That shared DNA makes us brothers and sisters, doesn’t it?  I may not know my Asian brother in China, but we are related.  My sister in Iran may not follow the same political philosophy which I do, but we are related.  The names given to the God whom we worship may be vastly different, but we are brothers and sisters in the universal oneness.  Do you see the common thread developing here?  As much as you or I desire to be different or distinguished, more handsome of prettier, smarter than all others, we are one humanity born into the image of the One, the original creator.

Our survival as a species is not God-dependent.  God did the birthing, but it is our choice to live in harmony with others and with all of Creation.  There have been messengers to lead and guide on this journey, to redirect as necessary, but in the end, living or not living in solidarity will determine the chances of our survival.

My skin color does not make me more worthy.  Your intelligence does not make you more like God.  Our financial success on earth will mean nothing on heaven’s society page.  Our personalities, our physical appearances, our possessions, our bodies will stay behind when we die.

“All go to the same place; all come from dust and to dust all return.”  ECCLESIASTICS 3:20

The author of the Jesus story has tried to tell us that this life is birth, death and then resurrection – what is so difficult about that?  The most significant part of us will return to the energy pool in preparation to become part of another human’s God energy.  The cycle continues forever.

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FREEDOM

What does freedom mean to you?  Picture6
What price will you pay for it? 
Would you be willing to die so others could enjoy freedom?

I’m not sure what the motives were for my father and three of his brothers.  They all enlisted in the military service of their country during WW2.  But, whatever their reasoning, they are my heroes on this Memorial Day.  Returning to civilian life after the war, they continued to serve their families and communities.  In my eyes they put everything on the line to ensure the freedom of every one of us for generations to come.  That kind of courage and selflessness is rare in today’s America.

Freedom is not free.  It comes at great cost.  I often wonder if I have paid my dues – have I paid the price for the freedoms I enjoy today?  Perhaps that I.O.U will come due sometime in the future.  What do I owe and to whom?  Will I have the courage and selflessness to pay my debt?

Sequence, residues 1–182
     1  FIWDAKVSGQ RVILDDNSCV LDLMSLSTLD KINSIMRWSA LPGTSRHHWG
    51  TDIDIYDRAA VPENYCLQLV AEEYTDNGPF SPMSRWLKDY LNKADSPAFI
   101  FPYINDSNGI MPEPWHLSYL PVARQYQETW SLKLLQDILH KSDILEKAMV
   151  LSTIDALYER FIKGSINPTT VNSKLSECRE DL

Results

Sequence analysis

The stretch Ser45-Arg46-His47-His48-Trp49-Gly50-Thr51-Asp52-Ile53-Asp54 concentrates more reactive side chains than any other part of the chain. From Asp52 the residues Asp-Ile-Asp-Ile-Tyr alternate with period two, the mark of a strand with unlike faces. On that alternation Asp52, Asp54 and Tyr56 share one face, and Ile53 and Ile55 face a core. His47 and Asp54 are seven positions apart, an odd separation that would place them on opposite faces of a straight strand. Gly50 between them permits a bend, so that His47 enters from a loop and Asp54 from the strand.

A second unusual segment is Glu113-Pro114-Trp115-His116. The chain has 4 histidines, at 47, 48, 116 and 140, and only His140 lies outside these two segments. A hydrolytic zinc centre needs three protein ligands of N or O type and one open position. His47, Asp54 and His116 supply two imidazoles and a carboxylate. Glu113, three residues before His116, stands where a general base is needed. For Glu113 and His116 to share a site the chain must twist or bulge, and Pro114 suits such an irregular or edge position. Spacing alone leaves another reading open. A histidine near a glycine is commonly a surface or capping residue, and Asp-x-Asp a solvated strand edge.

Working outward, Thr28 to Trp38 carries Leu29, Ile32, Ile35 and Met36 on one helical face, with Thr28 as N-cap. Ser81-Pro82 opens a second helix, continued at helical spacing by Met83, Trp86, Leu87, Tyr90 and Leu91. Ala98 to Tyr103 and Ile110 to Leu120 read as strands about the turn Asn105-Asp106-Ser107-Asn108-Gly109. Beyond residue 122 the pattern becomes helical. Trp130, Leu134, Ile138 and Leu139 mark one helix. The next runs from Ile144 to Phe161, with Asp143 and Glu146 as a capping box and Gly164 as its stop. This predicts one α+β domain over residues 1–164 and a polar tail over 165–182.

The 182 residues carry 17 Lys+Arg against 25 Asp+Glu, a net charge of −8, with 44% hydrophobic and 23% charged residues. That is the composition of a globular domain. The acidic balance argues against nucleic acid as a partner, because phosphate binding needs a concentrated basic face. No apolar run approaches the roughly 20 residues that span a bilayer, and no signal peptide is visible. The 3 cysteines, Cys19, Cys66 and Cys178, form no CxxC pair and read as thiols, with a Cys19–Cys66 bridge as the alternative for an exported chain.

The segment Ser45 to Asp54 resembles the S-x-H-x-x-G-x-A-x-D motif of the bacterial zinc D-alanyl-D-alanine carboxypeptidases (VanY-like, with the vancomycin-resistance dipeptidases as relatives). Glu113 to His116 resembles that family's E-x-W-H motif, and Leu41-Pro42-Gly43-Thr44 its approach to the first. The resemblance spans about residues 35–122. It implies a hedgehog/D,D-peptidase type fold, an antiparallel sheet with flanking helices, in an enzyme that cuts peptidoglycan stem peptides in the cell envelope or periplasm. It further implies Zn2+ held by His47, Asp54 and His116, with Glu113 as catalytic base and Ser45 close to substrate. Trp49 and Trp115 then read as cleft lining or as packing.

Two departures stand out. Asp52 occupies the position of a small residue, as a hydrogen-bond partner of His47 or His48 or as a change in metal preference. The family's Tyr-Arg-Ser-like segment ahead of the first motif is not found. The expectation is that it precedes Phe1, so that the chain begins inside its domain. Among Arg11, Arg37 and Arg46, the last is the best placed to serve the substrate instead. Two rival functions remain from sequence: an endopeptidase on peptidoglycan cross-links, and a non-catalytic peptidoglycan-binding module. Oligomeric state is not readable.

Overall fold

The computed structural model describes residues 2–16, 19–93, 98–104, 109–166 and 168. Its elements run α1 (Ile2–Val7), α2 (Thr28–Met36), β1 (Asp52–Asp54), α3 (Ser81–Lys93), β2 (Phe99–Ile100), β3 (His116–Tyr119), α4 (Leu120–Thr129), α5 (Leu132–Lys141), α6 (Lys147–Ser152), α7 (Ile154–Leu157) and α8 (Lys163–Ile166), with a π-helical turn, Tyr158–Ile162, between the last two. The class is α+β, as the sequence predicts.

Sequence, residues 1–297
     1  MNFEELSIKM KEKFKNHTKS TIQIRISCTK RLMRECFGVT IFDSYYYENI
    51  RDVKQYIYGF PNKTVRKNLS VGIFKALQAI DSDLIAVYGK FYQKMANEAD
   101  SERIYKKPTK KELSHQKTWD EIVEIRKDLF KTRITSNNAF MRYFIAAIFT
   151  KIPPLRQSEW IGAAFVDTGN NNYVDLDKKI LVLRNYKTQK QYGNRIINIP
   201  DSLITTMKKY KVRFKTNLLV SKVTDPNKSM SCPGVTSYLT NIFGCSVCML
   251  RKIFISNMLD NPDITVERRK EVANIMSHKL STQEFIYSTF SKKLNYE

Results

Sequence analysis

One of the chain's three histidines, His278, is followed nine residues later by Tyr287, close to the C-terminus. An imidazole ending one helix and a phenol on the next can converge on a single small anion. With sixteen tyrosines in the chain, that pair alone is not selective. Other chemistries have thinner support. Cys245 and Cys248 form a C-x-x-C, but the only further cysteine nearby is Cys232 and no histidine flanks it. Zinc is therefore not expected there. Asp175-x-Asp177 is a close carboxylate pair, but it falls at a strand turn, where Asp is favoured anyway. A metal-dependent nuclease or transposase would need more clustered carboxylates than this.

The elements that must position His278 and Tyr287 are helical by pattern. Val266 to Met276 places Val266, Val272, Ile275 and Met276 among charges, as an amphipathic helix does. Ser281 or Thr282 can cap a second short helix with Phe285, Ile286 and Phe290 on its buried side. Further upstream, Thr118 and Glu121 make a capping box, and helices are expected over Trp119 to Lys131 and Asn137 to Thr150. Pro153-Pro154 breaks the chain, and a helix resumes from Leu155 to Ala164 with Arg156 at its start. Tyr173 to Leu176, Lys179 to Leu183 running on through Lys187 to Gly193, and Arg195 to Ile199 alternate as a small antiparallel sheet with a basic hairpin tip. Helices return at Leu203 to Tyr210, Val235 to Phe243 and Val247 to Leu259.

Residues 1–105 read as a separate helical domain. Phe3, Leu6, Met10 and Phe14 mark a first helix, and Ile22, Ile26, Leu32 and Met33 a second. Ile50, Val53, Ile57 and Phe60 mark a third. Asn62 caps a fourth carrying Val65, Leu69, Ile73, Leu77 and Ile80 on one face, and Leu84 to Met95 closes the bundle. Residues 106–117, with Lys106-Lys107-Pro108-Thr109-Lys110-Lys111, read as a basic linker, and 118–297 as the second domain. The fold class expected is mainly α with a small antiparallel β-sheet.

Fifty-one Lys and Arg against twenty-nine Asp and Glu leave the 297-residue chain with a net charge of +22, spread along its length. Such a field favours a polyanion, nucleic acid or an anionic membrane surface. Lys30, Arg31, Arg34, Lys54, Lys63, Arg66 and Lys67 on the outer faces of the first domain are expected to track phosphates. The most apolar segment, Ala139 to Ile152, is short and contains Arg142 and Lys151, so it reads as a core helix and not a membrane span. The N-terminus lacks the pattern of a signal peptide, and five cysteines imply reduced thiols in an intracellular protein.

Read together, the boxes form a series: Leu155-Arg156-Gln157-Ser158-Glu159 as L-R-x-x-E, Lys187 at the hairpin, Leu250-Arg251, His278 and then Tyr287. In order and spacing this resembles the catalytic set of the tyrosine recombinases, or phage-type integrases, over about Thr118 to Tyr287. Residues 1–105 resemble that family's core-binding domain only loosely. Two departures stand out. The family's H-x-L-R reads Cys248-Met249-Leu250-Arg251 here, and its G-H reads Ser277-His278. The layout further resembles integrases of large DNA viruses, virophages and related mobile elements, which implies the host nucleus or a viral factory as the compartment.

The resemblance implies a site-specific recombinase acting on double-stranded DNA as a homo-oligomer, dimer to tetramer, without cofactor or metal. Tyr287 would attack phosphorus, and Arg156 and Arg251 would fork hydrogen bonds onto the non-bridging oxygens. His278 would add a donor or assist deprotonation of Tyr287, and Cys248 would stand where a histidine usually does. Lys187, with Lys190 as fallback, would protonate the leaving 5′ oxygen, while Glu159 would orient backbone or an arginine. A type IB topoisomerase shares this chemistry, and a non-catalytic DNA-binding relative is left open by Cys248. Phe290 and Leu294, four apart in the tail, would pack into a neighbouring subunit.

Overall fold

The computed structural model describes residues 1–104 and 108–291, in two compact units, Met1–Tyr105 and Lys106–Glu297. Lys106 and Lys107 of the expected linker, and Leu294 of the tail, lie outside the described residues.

The greatest gifting of freedom, aside from the sacrifices of our fallen military heroes, has been the adventure of sobriety given to a helpless, hopeless drunk.  Undeserved and unmerited, this gift of amazing grace has allowed a life of celebration and thankfulness rather than one of dread and misery.  John 8:36 says it all:

“So if the Son sets you free, you will be free indeed.”

This is not a freedom with conditional clauses and a litany of ‘thou shalt and shalt not’.  It is not tied to any particular faith walk or theology.  It does not consign me to hell for being bad or promise me heaven for being good.  There are only two requirements for enjoying this freedom forever.

“Love the Lord your God with all your heart, with all your soul, with all your strength, and with all you mind, and love your neighbor as yourself.”  JOHN 10:27

Pretty simple stuff.  Freedom can be costly, but need not be difficult.

LOVE

 

the PRODIGAL returns

We delve into the world of non-believing, into the emptiness of denial, into the realm of anti-religion looking for answers.  We look to worldly pleasures and comforts for fulfillment.

Wherever we look,
there you are, the One who never deserted,
mercy, grace and goodness cropped-candle.png
patiently awaiting our return.

We are the seekers.
We yearn, we search
in realms beyond us
for that which has always been within.

The prodigal returns. LUKE 15:11-32

motherhood

Consider this – Jesus was not born into our world to hang on a cross at the front of the church sanctuary, to adorn the wall with art, or to be worshipped from afar with incantations and prayers.  Mary did not birth him so that the world could bow at her feet in front of the manger in marvel and adoration.  God did not send him so that mankind could write scriptures and hymns praising him about this time every year.  Jesus is not just another festive reason to celebrate once a year.  He is meant to become “our work, our being and our personhood.” Richard Rohr

We all were meant to be mothers of Jesus.  We were designed to endure the birthing pains of the changes required to be men and women walking the walk of humans transformed by God’s love, tolerance and compassion.  We are to be manifestations of the human whose birth we celebrated yesterday.

Celebrate, yes.  Adore, yes.  But, that is not enough, is it?  When we accept our responsibility as contemporary nurturers of Christ, we also assume the power to change history, society, and all relationships.  Don’t put Jesus up on the shelf for another year to collect dust.  It’s just another Bible story when this birth is left on the pages of Scriptures and not incorporated into everyday living.

diversity